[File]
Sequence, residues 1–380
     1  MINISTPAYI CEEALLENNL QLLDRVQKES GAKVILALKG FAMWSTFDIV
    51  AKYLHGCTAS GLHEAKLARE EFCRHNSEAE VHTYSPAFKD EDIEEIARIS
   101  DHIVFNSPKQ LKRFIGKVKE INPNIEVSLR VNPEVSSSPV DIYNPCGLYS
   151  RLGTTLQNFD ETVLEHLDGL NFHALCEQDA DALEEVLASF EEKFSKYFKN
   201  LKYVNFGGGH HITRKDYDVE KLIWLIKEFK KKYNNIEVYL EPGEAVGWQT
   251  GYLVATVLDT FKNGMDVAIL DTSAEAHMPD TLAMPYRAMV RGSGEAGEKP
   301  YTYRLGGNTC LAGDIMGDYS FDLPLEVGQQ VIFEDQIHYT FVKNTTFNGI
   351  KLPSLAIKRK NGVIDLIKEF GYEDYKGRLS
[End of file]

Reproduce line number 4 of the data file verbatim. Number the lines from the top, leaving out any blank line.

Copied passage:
   101  DHIVFNSPKQ LKRFIGKVKE INPNIEVSLR VNPEVSSSPV DIYNPCGLYS